Beane takes competitive, but measured approach to first draft as GM

Posted Apr 17, 2018

He's not one to be swayed by the actions of other NFL clubs, but in Brandon Beane's measured approach is an under current of competitive fire that's determined to succeed.

He admits he’s lost sleep.

Armed with a draft stockpile of historic proportions, which included a move nine spots up the board in round one in a trade with Cincinnati, the expectations for Buffalo’s haul in the 2018 NFL draft have been raised. Set to make good on that draft capital is Bills GM Brandon Beane, who enters his first draft as the guy calling the shots.

Beane, who has worked in NFL personnel and football operations for the better part of the last 20 years, has been groomed for the work that will unfold in front of him on the fly for three straight days beginning on April 26th.

“Brandon really grew up and he’s ready,” said Giants GM Dave Gettleman, under whom Beane worked in Carolina’s front office. “Brandon is bright, tough, and thoughtful. He went through the process with us of talking and collaborating and communication and he’s got that piece down well.”

Beane hasn’t been shy in trying to put the Bills in a more favorable position, trading a 28-year old left tackle to move up 12 spots on the board in round one. He has also worked to rid the team of some bad contracts and has determined it’s best to bite the ‘dead-money’ bullet in 2018 to make them more flexible with the salary cap in 2019 and beyond.

There have also been some unexpected developments concerning Buffalo’s roster. Eric Wood’s career-ending neck injury and the retirement of Richie Incognito chief among them. Beane however, hasn’t wavered. 

“It doesn’t change our approach. You constantly have to adapt and adjust,” he said.

Beane’s approach is a measured one, rooted in hard work and planning. Perhaps some general managers might have been taken aback by the Jets overpaying in their trade with the Colts to move up just three spots on the draft board from six to three, a perceived landing spot for Buffalo in a trade-up scenario.

Beane, as he says, just adapts and adjusts. But there is also an undercurrent of competitive fire. While he won’t let another team’s actions force his hand, Beane will redouble his efforts to find a new solution to achieving his goals for the Bills franchise.

“I’m a competitor,” he said. “You want to win every pick. You want to feel like you got a steal in the first round. That’s natural. I can’t say it always happens that way. There are different things that have been in my head. I’m sure the same for Sean (McDermott) where he’s thinking this guy would be a great fit for us.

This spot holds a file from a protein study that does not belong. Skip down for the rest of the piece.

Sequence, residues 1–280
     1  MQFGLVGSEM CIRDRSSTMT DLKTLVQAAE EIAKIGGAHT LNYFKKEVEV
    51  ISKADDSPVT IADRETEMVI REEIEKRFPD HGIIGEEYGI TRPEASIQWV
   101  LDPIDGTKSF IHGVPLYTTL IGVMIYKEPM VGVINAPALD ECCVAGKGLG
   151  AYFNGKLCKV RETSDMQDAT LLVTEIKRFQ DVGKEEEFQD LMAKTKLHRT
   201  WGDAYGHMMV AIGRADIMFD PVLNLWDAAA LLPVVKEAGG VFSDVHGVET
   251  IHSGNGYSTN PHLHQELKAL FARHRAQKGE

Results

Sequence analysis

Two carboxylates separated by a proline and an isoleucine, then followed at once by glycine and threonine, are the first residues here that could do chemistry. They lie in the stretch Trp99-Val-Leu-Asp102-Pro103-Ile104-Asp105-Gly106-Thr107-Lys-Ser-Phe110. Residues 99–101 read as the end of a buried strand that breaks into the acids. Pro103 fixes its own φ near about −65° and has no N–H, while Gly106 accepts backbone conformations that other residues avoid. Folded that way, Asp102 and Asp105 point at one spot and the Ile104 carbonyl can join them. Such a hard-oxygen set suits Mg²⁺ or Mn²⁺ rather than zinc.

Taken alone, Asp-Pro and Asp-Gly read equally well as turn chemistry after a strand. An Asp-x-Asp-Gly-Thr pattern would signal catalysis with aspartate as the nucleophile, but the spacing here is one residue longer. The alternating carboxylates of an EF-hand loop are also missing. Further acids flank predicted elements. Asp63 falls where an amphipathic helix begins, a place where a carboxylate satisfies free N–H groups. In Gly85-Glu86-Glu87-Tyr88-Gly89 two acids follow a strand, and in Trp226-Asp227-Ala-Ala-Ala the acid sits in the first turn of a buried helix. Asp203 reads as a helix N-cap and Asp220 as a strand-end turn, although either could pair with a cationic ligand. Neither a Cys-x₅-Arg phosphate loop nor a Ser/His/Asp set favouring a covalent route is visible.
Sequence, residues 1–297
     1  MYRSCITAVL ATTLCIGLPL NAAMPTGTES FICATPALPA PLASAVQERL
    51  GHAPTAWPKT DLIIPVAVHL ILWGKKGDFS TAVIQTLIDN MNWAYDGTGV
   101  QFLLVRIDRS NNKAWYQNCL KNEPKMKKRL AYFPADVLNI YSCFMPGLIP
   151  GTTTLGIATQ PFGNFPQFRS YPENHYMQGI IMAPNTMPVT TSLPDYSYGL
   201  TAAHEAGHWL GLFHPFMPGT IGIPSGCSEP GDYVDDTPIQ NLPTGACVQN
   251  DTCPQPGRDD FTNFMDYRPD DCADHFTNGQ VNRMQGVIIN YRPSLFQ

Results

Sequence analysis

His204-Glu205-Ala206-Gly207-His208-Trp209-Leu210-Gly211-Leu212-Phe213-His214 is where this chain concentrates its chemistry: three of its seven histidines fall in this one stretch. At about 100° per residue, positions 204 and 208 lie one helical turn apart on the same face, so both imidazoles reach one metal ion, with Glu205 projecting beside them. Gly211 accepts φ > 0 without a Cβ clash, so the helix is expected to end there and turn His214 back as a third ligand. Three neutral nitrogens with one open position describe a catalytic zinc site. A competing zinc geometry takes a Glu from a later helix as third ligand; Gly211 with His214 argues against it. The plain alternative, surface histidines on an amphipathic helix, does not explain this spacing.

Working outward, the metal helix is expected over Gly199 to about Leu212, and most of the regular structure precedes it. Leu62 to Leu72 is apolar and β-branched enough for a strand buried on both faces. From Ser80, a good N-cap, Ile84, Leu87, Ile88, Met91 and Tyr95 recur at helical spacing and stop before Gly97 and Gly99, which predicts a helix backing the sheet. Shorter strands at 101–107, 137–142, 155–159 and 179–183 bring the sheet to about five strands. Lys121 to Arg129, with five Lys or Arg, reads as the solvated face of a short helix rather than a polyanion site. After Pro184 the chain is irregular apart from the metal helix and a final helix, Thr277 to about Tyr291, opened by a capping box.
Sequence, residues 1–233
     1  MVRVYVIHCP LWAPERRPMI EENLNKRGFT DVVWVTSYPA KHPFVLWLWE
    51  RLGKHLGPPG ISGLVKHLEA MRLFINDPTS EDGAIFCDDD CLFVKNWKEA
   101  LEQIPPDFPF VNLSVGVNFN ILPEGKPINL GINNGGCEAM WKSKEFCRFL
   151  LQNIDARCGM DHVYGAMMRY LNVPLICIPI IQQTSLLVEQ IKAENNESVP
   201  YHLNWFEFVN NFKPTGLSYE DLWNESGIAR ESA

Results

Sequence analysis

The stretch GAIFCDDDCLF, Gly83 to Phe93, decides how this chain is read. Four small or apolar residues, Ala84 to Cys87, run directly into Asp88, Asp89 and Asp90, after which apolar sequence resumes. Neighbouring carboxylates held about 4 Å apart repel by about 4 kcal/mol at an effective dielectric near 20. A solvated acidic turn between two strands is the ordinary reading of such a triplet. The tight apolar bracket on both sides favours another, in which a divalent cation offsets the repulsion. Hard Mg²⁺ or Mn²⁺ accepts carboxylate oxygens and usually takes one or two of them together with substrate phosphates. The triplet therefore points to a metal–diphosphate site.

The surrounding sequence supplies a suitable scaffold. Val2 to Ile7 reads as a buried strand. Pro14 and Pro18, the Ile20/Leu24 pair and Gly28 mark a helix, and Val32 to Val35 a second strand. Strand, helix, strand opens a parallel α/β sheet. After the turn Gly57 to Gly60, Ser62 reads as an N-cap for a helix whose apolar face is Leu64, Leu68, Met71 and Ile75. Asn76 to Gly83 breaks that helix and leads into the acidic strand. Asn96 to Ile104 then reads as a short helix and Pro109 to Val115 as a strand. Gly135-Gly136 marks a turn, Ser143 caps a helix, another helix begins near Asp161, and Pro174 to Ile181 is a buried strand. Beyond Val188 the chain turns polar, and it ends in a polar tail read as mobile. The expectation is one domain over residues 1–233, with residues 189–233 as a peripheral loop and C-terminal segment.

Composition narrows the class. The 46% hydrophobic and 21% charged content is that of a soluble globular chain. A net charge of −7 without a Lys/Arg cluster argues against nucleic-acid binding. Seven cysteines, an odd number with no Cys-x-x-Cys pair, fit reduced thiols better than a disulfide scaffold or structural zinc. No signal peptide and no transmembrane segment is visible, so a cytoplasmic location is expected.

“I love it. I love my job. I love everything about it. This is huge. This is where my staff and I show that we’ve done the work and we’re competent people. My job at the end of the day is to give (McDermott) and his coaches the resources to lead the team and to produce on the field. If I do my job that helps him do his.”

Beane understands the wide speculation that Buffalo will trade up from their current position at 12 into the top five to get a perceived franchise quarterback. He knows why that narrative exists.

But Buffalo’s GM has to deal with reality, not speculation, and sometimes finding a willing dance partner in a trade offer is easier said than done.

“We’re at 12 and I don’t know what’s going to be there at 12,” he said. “I don’t know what quarterback will be there. I don’t know if we’re going up or going down. That’s really how it is as I sit here. I know everybody assumes we’re trading up. First of all, even if I wanted to trade up right now, even if I said, ‘I know the guy I want to get and I need to get this spot.’ It takes a partner to do it and be willing to move out.”

As badly as Beane wants to nail every pick the Bills make between Thursday and Saturday next week, he knows there are 31 other NFL clubs trying to do the same thing, and when there are that many other variables there are more circumstances that one can’t control than those a single NFL GM can.

That’s why Beane and his staff have remained diligent in their preparations right down to the last full week before the draft, and those plans will continue into early next week.

Mock drafts in their draft room will begin Monday. Members of the scouting and personnel departments will be assigned NFL teams and will make picks based on the perceived needs of those clubs. They’ll also hash out the clumps of prospects with very similar grades on the board and determine who would be picked first, second and third if all three were still available.

RELATED: Top 5 things we learned from the Bills pre-draft press conference

As for all the speculated pre-draft trades, Beane has no time for it. He also doesn’t want to be influenced by it.

“There’s so much chatter out there,” he said. “If you pay attention to it… the last thing I want to do is to be swayed by anything from the outside. So I don’t listen to it.”

Beane undoubtedly has plans for the team’s nine draft selections, and he likely has contingency plans as well knowing how arbitrary the draft can be. But he’s kept a tight hold on his preferences or leanings with respect to prospects or their position at 12 and 22 in round one.

“Those (plans) have not left the building,” he said. “So, no, my wife doesn’t know.”

Beane, along with his personnel and scouting departments, will put a bow on their year of work early next week, but they’ll be grinding all the way.

“We want to find the best football players that we can to help us in 2018 and beyond. That’s the vision,” Beane said. “Until (the draft) gets here, all you can do is be anxious and do the work. I feel good about the work, and if you do the work, generally things fall into place.”